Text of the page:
# Isaacs equation

(Difference between revisions)
 Revision as of 00:24, 8 February 2012 (view source)Luis (Talk | contribs)← Older edit Latest revision as of 14:14, 26 June 2015 (view source)Luis (Talk | contribs) Line 12: Line 12: A more general second order fully nonlinear uniformly elliptic PDE $F(D^2 u, Du, u, x)=0$ can also be written as an Isaacs equation if it is Lipschitz with respect to all parameters. A more general second order fully nonlinear uniformly elliptic PDE $F(D^2 u, Du, u, x)=0$ can also be written as an Isaacs equation if it is Lipschitz with respect to all parameters. + + Under very general assumptions, [[fully nonlinear integro-differential equations]] can be written in the form of an Isaacs equation. {{stub}} {{stub}}

## Latest revision as of 14:14, 26 June 2015

The Isaacs equation is the equality $\sup_{a \in \mathcal{A}} \ \inf_{b \in \mathcal{B}} \ L_{ab} u(x) = f(x),$ where $L_{ab}$ is some family of linear integro-differential operators with two indices $a \in \mathcal A$ and $b \in \mathcal B$.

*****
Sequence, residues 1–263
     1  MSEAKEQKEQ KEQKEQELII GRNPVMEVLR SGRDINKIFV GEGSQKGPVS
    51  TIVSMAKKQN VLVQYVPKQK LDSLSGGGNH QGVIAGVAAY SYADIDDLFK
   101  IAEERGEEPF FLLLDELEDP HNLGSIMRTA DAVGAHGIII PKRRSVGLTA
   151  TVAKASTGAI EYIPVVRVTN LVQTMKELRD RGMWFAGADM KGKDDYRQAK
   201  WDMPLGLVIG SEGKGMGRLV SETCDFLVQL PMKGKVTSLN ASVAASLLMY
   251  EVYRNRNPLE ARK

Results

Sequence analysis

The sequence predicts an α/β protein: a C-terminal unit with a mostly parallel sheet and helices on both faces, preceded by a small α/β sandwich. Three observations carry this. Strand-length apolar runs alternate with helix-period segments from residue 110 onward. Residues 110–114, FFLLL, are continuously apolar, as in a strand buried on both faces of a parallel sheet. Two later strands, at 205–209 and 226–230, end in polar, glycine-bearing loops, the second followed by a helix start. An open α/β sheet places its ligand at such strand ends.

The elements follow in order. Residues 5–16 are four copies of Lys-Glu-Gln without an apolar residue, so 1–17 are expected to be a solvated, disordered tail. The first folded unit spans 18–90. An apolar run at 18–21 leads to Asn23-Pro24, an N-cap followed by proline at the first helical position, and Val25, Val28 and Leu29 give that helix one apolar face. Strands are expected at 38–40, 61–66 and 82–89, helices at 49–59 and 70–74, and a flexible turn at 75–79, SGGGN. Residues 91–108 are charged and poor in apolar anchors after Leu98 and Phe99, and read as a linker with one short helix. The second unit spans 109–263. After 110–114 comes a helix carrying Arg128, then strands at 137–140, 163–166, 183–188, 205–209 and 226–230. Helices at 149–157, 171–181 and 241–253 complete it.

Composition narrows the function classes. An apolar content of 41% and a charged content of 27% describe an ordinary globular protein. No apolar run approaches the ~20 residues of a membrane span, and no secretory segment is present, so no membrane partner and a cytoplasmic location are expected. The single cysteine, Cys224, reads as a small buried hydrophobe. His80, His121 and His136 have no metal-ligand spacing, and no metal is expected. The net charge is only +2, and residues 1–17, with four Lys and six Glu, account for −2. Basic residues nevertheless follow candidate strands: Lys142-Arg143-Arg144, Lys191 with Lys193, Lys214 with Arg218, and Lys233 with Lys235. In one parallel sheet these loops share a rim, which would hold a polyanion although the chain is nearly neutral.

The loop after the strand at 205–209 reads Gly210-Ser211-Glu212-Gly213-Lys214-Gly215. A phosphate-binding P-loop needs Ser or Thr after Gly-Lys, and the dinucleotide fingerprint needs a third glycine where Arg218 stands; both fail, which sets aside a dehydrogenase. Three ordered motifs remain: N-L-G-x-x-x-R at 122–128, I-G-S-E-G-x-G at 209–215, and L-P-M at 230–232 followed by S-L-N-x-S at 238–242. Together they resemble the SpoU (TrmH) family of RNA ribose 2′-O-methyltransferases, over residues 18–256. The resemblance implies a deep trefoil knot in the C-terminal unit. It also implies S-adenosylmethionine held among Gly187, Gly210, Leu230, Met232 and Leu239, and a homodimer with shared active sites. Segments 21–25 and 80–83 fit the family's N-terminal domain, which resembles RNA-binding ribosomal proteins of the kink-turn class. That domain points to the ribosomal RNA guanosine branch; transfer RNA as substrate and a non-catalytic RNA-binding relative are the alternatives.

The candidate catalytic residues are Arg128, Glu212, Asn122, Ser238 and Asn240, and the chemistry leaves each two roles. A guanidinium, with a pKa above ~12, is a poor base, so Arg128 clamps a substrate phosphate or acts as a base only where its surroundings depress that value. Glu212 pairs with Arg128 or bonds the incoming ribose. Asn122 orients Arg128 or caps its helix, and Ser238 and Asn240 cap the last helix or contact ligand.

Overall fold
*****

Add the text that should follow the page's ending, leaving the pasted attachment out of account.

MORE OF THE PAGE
The equation appears naturally in zero sum stochastic games with Levy processes.

The equation is uniformly elliptic with respect to any class $\mathcal{L}$ that contains all the operators $L_{ab}$. Under some conditions on that class, there are interior $C^{1,\alpha}$ estimates for the solution.

Note that any second order fully nonlinear uniformly elliptic PDE $F(D^2 u)=0$ can be written as an Isaacs equation by the following two steps:

1. $F(X)$ is Lipschitz with constant $\Lambda$, so it is the infimum of all cones $C_{X_0}(x) = F(X_0) + \Lambda|X-X_0|$.
2. Each cone $C(X)$ is the supremum of all linear functions of the form $L(X) = F(X_0) + \mathrm{tr} \, A \cdot (X-X_0)$ for $||A||\leq \Lambda$.

A more general second order fully nonlinear uniformly elliptic PDE $F(D^2 u, Du, u, x)=0$ can also be written as an Isaacs equation if it is Lipschitz with respect to all parameters.

Under very general assumptions, fully nonlinear integro-differential equations can be written in the form of an Isaacs equation.